Your Guide to Finding the Best Lowcountry Boil

One of the great benefits of visiting South Carolina is the sheer variety of food you can enjoy. This state is a culinary gem that draws foodies from around the world to its cities and towns. While some visitors’ definitions of good food only apply to dishes that come from four- or five-star restaurants, there’s one South Carolina dish that is delightful for its simplicity.

The Lowcountry boil, which can also be called Frogmore or Beaufort stew, is a staple dish in South Carolina’s coastal region. All of the meal’s names relate to the part of the state where it’s from.

If you’re looking for a hearty dish to get you acquainted with South Carolinian cuisine, look no further than the Lowcountry boil. While this is an SC delicacy, you can’t order it from just anywhere. The following sections highlight how you can find the best Lowcountry boil to enjoy on your trip to South Carolina.

Get Your Boil in Lowcountry

Technically, you don’t need to be in South Carolina to try Lowcountry boil. This dish has become so popular over the years that it’s made all around the world, and some chain restaurants even sell their own version of a Frogmore stew. While those meals are probably fine, why risk it when you can try Lowcountry boil in South Carolina’s very own Lowcountry?

The best Frogmore stew is most likely going to be in the region it was born in. Lowcountry is a big region, but some notable cities that are known to have good renditions of this dish include:

  • Beaufort.
  • Helena Island (where Frogmore is located).
  • Hilton Head Island.

However, keep in mind that there are other areas that are included in Lowcountry. Typical counties that are considered to be part of this region include Hampton, Colleton, Jasper and Beaufort.

Make Sure the Seafood is Fresh

It doesn’t take much to make a Lowcountry boil. In fact, there’s only a handful of ingredients that goes into this dish. To make a proper Frogmore stew, you only need:

  • Potatoes.
  • Corn on the cob.
  • Smoked sausage.
  • Seasoning.
  • Shrimp.

With so few ingredients in this dish, it’s imperative that the ones you use are high-quality. For this reason, it’s important that the shrimp in your boil is as fresh as possible. If you’re eating a boil that also includes crab, that ingredient needs to be fresh, too.

To help make sure your boil includes the best possible ingredients, try and buy it at a place that is located near the water. The closer the restaurant is to the ocean, you might have a better chance of eating a dish that was prepared with seafood that was caught that morning.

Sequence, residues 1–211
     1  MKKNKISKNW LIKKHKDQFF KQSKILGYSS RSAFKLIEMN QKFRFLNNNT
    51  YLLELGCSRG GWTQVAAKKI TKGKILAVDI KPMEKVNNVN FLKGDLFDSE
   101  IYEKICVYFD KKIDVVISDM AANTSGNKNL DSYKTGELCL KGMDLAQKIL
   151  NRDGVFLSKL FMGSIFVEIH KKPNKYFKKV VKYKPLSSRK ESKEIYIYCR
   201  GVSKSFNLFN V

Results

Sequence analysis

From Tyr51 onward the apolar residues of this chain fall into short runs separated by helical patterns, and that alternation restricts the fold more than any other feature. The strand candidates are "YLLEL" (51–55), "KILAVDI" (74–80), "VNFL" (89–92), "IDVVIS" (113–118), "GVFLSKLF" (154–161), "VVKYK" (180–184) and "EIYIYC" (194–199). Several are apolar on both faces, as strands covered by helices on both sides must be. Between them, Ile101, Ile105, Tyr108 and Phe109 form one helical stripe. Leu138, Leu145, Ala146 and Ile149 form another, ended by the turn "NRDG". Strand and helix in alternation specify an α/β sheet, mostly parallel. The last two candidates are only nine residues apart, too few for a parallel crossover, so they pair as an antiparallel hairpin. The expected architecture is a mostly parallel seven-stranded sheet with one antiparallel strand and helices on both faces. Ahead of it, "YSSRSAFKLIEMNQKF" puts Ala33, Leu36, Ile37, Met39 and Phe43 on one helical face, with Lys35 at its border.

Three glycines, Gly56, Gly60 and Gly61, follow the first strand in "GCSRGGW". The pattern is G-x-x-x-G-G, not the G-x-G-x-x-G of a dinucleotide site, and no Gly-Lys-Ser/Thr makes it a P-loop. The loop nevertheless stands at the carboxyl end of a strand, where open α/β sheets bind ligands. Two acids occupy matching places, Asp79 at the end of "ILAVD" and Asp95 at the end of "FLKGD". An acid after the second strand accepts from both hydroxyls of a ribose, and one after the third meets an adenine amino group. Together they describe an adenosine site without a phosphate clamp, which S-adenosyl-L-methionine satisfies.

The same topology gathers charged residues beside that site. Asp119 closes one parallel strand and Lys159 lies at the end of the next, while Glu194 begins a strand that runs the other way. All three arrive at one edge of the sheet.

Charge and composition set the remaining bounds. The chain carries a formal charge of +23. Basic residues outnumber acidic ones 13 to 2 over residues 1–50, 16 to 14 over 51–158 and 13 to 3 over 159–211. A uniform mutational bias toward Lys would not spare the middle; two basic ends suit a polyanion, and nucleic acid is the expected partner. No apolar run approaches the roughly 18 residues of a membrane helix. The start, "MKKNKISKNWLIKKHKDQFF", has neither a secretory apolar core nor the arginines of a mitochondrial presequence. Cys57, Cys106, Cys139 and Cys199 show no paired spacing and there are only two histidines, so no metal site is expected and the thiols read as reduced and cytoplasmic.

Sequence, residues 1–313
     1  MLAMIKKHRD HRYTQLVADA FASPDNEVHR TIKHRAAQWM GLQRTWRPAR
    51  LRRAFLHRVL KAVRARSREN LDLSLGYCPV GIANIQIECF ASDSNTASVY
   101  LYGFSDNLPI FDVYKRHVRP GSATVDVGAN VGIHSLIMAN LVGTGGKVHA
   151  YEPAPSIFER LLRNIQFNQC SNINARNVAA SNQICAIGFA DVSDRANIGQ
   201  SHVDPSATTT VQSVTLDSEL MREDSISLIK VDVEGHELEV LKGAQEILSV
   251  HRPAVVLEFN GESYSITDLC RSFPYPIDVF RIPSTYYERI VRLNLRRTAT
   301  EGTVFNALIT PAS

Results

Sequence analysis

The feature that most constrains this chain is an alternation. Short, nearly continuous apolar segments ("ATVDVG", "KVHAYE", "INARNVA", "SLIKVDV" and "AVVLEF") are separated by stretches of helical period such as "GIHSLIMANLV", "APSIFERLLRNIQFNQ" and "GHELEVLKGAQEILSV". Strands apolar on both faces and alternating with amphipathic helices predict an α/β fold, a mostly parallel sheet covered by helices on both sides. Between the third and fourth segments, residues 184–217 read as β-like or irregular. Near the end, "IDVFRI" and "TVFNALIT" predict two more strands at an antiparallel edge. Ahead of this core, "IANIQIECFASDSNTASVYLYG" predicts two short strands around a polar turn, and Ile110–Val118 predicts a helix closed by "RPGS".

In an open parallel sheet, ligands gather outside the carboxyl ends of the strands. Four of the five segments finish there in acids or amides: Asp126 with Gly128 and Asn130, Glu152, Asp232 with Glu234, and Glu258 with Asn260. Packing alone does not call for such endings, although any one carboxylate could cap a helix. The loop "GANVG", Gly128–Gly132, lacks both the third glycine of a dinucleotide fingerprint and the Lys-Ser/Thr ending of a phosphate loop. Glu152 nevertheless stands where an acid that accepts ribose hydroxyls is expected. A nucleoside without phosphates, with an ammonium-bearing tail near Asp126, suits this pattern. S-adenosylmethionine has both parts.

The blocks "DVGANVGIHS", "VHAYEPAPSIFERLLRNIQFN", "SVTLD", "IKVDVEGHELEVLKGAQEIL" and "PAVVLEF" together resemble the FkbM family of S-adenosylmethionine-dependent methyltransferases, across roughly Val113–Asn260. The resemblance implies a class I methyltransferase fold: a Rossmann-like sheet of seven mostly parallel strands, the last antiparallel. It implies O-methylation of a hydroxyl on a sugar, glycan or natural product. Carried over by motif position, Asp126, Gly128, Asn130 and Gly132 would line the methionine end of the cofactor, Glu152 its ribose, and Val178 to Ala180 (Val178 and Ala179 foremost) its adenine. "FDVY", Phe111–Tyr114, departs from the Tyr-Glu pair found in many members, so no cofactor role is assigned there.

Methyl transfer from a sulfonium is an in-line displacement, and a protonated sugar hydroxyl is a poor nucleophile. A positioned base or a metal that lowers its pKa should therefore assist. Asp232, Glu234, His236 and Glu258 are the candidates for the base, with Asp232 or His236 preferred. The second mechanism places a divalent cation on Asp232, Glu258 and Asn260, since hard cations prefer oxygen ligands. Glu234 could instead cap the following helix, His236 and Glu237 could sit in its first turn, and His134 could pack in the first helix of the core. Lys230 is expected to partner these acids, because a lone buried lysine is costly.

See Where It’s Cooked

Lowcountry boils are most often associated with outdoor activities in the summertime. This means that these types of dishes are usually served at picnics, barbecues and other similar outdoor gatherings. As a result, Lowcountry boils are often prepared outside using a grill.

When you make a Frogmore stew, you need to to cook all the ingredients together in boiling water. For this reason, gas grills serve as an ideal tool to prepare this meal. If you’re looking for the most traditional Lowcountry boil, you’ll want to make sure your dish was prepared using this method.

However, it’s still acceptable to eat one of these meals if it was prepared using a stovetop. If you’re ordering this meal in a traditional restaurant setting, this is how it’ll probably be prepared.

Know How It’s Seasoned

With such delicious, fresh ingredients making up a Lowcountry boil, it’s almost impossible for this dish not to taste good. However, that doesn’t mean that seasoning can be neglected when chefs prepare this meal. The flavoring that’s used in a Frogmore stew is just as important as the shrimp and sausage that goes into it.

The types of seasoning you’ll want to have in your dish depend on if you are traditionalist or not. Nowadays, there are various flavors you can add to a boil. Some of the most common seasonings include:

  • Old Bay.
  • Zatarain’s crab boil seasoning.
  • Lemon.
  • Hot sauce.
  • Butter.

If you come across a Lowcountry boil that’s seasoned with these flavors, you can bet it’ll have a traditional taste. However, if it comes with anything else on it for flavor, it probably won’t be a true Lowcountry delight.

Only Eat It If It’s Served on Newspaper

Like many meals in life, one of the most enjoyable aspects of the Lowcountry boil is how you eat it. This messy, shareable dish is just as fun to consume as it is tasty, and you’re bound to need ample space to enjoy the meal.

Just as most Frogmore stews are prepared outdoors for parties and events that take place outside, this meal is best enjoyed in the open air. Traditionally, these boils are shared among a large group of people who are seated around a long wooden table, and plates are definitely not a requirement.

Usually, the picnic table is covered with newspaper, and then the boil is dumped onto the covering once it’s ready to be eaten. The contents of the pot spill out over the paper, and hungry diners are free to grab the bits and pieces they want to eat. Shrimp shells can easily be discarded this way, and cleanup is a breeze once everyone is done.

Check Which Side Dishes Are Offered With It

Lowcountry boil is a complete meal on its own. The dish itself comes with protein, vegetables and carbohydrates. However, if you’re looking for even more food, try visiting a restaurant that serves the following side dishes with the boil:

  • Collared greens
  • Coleslaw
  • Corn bread
  • Potato salad